Take the 2-minute tour ×
Stack Overflow is a question and answer site for professional and enthusiast programmers. It's 100% free, no registration required.

I am wondering about the MongoDB memory consumption. I have read the corresponding manual sections and the other questions on the topic, but I think this situation is different. May I ask you for your advice?

This is the error from the DB log file:

Fri Oct 26 20:34:00 [conn1] ERROR: mmap private failed with out of memory. (64 bit build) 
Fri Oct 26 20:34:00 [conn1] Assertion: 13636:file /docdata/mongodb/data/xxx_letters.5 open/create failed in createPrivateMap (look in log for more information)

These are the data files:

total 4.0G
drwxr-xr-x 2 mongodb mongodb 4.0K 2012-10-26 20:21 journal
-rw------- 1 mongodb mongodb  64M 2012-10-25 19:34 xxx_letters.0
-rw------- 1 mongodb mongodb 128M 2012-10-20 22:10 xxx_letters.1
-rw------- 1 mongodb mongodb 256M 2012-10-24 09:10 xxx_letters.2
-rw------- 1 mongodb mongodb 512M 2012-10-26 10:04 xxx_letters.3
-rw------- 1 mongodb mongodb 1.0G 2012-10-26 19:56 xxx_letters.4
-rw------- 1 mongodb mongodb 2.0G 2012-10-03 11:32 xxx_letters.5
-rw------- 1 mongodb mongodb  16M 2012-10-26 19:56 xxx_letters.ns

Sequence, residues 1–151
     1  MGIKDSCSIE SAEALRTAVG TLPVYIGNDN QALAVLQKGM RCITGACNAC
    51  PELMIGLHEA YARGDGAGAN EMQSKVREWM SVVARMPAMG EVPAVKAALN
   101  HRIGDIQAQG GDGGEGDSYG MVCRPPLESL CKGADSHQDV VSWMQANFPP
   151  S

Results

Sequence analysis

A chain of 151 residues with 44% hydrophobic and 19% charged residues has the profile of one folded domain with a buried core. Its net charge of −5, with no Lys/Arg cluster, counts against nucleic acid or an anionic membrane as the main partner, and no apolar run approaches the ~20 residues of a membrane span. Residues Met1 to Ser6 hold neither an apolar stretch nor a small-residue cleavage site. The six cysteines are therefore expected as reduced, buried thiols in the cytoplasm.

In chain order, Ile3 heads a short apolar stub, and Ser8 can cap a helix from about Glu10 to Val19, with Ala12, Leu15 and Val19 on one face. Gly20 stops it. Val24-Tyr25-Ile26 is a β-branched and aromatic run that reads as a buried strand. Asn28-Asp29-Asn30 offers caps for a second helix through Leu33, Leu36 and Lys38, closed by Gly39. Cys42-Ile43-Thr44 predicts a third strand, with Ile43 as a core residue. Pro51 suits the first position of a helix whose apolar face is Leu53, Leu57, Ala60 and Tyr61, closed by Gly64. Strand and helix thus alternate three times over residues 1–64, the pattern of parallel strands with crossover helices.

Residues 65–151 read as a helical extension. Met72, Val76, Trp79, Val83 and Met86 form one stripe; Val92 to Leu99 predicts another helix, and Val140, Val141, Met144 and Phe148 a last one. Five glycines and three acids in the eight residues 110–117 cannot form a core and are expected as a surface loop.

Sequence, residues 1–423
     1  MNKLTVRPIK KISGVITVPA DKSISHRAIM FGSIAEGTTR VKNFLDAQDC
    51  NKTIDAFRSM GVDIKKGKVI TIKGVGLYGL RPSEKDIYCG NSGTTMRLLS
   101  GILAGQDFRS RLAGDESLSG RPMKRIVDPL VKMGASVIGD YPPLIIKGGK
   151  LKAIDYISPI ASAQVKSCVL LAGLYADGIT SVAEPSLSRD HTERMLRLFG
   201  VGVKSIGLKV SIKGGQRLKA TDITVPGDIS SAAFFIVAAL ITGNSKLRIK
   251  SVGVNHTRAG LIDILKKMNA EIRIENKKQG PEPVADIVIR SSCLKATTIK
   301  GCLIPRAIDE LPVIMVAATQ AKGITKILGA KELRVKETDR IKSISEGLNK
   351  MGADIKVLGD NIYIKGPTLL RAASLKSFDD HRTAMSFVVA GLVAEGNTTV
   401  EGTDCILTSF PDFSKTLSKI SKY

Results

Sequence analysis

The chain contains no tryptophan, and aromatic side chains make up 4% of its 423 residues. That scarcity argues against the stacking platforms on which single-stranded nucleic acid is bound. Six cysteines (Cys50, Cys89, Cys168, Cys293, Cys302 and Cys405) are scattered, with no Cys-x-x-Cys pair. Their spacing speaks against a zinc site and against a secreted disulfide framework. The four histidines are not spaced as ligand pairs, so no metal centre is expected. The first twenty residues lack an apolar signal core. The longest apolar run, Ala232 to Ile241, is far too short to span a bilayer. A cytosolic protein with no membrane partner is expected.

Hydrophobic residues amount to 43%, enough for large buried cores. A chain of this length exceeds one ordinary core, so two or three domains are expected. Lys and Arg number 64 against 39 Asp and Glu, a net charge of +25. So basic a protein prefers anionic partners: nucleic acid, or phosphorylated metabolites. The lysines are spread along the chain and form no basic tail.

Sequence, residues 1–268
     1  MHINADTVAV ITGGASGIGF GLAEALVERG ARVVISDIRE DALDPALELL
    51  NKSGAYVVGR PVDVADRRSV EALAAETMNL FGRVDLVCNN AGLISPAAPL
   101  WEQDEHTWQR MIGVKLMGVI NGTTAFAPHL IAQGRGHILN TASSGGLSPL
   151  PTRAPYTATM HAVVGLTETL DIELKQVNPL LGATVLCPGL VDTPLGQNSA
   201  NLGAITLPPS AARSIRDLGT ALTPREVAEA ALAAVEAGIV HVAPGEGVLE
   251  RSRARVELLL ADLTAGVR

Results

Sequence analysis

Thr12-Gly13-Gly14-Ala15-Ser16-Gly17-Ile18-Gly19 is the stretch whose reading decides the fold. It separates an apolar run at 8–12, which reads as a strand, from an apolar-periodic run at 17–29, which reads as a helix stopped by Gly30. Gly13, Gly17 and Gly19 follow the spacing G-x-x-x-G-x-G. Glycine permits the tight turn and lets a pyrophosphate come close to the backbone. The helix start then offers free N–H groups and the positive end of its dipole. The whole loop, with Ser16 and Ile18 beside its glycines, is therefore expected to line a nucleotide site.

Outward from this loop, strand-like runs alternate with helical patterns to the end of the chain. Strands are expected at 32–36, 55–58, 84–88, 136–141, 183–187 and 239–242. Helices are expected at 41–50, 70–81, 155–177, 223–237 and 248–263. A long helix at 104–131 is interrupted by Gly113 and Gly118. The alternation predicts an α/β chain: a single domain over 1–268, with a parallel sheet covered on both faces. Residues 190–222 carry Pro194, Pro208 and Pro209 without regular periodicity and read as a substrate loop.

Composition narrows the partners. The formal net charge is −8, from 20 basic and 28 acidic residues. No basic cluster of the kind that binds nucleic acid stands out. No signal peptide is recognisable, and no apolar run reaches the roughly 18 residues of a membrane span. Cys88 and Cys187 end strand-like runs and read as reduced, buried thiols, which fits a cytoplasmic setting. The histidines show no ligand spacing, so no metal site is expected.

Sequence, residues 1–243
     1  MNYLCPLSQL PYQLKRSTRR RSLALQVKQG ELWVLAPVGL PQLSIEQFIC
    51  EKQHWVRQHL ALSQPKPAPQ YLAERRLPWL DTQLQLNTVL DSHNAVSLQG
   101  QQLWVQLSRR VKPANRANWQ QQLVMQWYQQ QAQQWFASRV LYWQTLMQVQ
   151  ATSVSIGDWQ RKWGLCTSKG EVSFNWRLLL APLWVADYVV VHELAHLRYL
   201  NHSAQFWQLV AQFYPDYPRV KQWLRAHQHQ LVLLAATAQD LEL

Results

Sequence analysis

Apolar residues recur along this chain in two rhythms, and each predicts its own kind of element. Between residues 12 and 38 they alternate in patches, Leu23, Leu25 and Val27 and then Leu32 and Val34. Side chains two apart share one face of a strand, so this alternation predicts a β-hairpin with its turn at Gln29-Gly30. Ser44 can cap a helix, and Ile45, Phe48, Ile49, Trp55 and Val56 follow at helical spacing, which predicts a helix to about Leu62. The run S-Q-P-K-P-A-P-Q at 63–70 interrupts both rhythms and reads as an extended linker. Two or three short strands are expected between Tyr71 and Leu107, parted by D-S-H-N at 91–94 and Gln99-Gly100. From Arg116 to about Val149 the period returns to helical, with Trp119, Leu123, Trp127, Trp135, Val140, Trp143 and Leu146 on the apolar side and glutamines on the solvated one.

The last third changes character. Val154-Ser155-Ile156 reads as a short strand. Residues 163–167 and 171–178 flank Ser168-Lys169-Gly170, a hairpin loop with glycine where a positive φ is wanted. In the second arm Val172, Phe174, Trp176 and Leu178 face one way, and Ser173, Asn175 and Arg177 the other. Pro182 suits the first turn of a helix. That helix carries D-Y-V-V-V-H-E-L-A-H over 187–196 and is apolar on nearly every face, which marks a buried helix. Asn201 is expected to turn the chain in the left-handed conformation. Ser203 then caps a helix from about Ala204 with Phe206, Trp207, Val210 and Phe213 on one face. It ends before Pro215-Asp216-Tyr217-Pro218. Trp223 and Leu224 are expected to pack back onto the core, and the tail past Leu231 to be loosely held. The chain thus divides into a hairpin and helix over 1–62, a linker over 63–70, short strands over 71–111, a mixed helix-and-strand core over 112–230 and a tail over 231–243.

This is the output of free -tm:

             total       used       free     shared    buffers     cached
Mem:          3836       3804         31          0         65       2722
-/+ buffers/cache:       1016       2819
Swap:         4094        513       3581
Total:        7930       4317       3612

Is it really necessary to have enough system memory so that the largest data files fit in? Why grow the files that much? (From the sequence shown above, I expect the next file to be 4GB.) I'll try to extend the RAM, but data will eventually grow even more. Or maybe this is not a memory problem at all?

I have got a 64 bit Linux system and use the 64 bit MongoDB 2.0.7-rc1. There is plenty of disk space, the CPU load is 0.0. This is uname -a:

Linux xxx #1 SMP 2012-01-27 17:38:56 +0100 x86_64 x86_64 x86_64 GNU/Linux
share|improve this question

1 Answer 1

up vote 5 down vote accepted

ulimit -a solved the mystery:

core file size (blocks, -c) 1
data seg size (kbytes, -d) unlimited
scheduling priority (-e) 0
file size (blocks, -f) unlimited
pending signals (-i) 30619
max locked memory (kbytes, -l) 64
max memory size (kbytes, -m) 3338968
open files (-n) 1024
pipe size (512 bytes, -p) 8
POSIX message queues (bytes, -q) 819200
real-time priority (-r) 0
stack size (kbytes, -s) 8192
cpu time (seconds, -t) unlimited
max user processes (-u) 30619
virtual memory (kbytes, -v) 6496960
file locks (-x) unlimited

It worked after setting max memory size and virtual memory to unlimited and restarting everything. BTW, the next file had again 2GB.

Sorry for bothering you, but I was desperate. Maybe this helps somebody "googling" with a similar problem.

share|improve this answer
These were the commands to increase the limits: ulimit -v unlimited && ulimit -m unlimited –  Matthias Wuttke Jun 26 '14 at 18:55

Your Answer


By posting your answer, you agree to the privacy policy and terms of service.

Not the answer you're looking for? Browse other questions tagged or ask your own question.